Black Jack Queen 'Madame Mustache'
For over three decades Madame Mustache had been a familiar character in the mining camps of the Pacific coast. From the mines of British Columbia to those of California and the Black Hills, she was there pursuing her profession of gambling with a relatively then unknown game to miners called Black Jack.
Her real name was Eleanore Dumont and she was thought to have been born in New Orleans, Louisiana in about 1829.
The first known of Simone Jules, as she was then called, is her appearance in San Francisco in 1849. She established herself as a gambler, favoring the game of Vingt-et-un, which means “21.” It became the precursor of American Blackjack. However, when she was suspected of cardsharping at the Bella Union where she was working, she was fired.
The next known of the petite, pretty French woman in her early twenties is her arrival by stagecoach one day in Nevada City in 1854. She caused quite a stir with her stylish appearance and beauty. A pretty, fashionably dressed woman was a rarity in rough mining towns.
For a few days, she canvassed the main streets peering into store windows of businesses that had gone out of business. Soon, the town was awash in gossip wondering what the young lady was up to.
The towns’ curiosity was soon satisfied after she handed a printing order to Editor Wait of the Nevada Journal for a handbill which advertised the opening of the “best gambling emporium in northern California.” Town residents received invitations to the grand opening of the “Vingt-et-un” on Broad Street. Madame Dumont was serving free champagne to all who would come and enjoy a game with her.
Her establishment was exquisitely furnished and carpeted with gas chandeliers. However, only well-behaved and well-groomed men would be allowed entrance. There would be no cursing in her establishment.
Her gambling parlor was an immediate success as men having spruced up and in their best Sunday clothes thronged in. They found Miss Eleanore witty, charming and every bit the lady as she circulated about conversing with her patrons.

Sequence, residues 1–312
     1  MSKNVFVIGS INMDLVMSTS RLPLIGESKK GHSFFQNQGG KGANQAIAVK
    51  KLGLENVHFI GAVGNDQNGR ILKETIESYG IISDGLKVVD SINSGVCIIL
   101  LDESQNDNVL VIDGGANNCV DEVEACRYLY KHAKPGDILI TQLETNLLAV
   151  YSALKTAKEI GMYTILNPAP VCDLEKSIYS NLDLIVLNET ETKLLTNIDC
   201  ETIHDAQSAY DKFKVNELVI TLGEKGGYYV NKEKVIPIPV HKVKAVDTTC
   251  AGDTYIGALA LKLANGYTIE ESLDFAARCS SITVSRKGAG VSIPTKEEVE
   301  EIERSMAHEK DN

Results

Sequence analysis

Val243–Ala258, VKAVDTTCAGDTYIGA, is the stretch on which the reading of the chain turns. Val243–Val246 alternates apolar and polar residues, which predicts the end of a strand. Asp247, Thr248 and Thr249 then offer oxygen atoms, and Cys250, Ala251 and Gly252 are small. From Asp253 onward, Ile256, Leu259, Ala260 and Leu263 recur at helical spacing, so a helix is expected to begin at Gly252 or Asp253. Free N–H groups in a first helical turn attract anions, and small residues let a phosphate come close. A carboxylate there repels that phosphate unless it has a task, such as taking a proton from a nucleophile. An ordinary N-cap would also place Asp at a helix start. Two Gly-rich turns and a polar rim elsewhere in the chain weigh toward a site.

At the time few miners knew how to play “21,” as Faro was their game of choice. But the prospect of having a pretty female dealer quickly drew a number of players. Of course, the miners often lost more than they won. However, they seldom complained. When she won, she would treat the losers to free champagne. When she lost, she expressed happiness for their good fortune.
Soon she had enough capital to open a larger establishment and partnered with David Tobin, a professional gambler from New York. The two opened Dumont’s Palace hiring more dealers and a few violinists for entertainment. The Palace kept games going day and night.
Unfortunately, like so many other boom towns, the gold eventually played out for Nevada City. Dumont then moved to Columbia, California in 1857 and set up business in a hotel.
A few years later, Eleanore decided to quit the gambling business. Although she knew little about ranching she bought a ranch in Carson City, Nevada. That’s when Jack McKnight, a smooth talking, well dressed handsome man, came into her life. McKnight claimed to be a cattle buyer and Eleanore was instantly taken with him. However, McKnight was actually a conman. Less than a month later, he absconded with all her money, sold her ranch and left her penniless.
Reportedly she tracked him down and killed him with a double blast from a shotgun. Although a suspect in his murder she was never charged. However, many years later she allegedly confessed to the crime.
Impoverished, Eleanore was forced to take up gambling again. In 1861, she arrived in Pioche, Nevada where she once again resumed her former trade. But just like Nevada City the mines played out and over the next 20 years she would follow the miners to the next strike.